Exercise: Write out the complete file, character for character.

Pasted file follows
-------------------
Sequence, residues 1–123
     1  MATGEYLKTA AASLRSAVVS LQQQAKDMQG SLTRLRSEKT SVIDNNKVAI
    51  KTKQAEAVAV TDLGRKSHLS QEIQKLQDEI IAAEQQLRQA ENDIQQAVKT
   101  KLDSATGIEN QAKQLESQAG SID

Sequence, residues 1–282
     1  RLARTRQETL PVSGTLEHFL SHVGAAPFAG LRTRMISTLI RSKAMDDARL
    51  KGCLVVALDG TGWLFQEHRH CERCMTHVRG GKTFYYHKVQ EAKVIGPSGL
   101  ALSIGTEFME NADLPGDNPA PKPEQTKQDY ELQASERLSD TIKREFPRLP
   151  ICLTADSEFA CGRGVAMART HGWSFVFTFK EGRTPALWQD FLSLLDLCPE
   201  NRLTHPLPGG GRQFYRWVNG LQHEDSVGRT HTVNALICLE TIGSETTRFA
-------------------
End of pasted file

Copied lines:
Sequence, residues 1–123
     1  MATGEYLKTA AASLRSAVVS LQQQAKDMQG SLTRLRSEKT SVIDNNKVAI
    51  KTKQAEAVAV TDLGRKSHLS QEIQKLQDEI IAAEQQLRQA ENDIQQAVKT
   101  KLDSATGIEN QAKQLESQAG SID

Sequence, residues 1–282
     1  RLARTRQETL PVSGTLEHFL SHVGAAPFAG LRTRMISTLI RSKAMDDARL
    51  KGCLVVALDG TGWLFQEHRH CERCMTHVRG GKTFYYHKVQ EAKVIGPSGL
   101  ALSIGTEFME NADLPGDNPA PKPEQTKQDY ELQASERLSD TIKREFPRLP
   151  ICLTADSEFA CGRGVAMART HGWSFVFTFK EGRTPALWQD FLSLLDLCPE
   201  NRLTHPLPGG GRQFYRWVNG LQHEDSVGRT HTVNALICLE TIGSETTRFA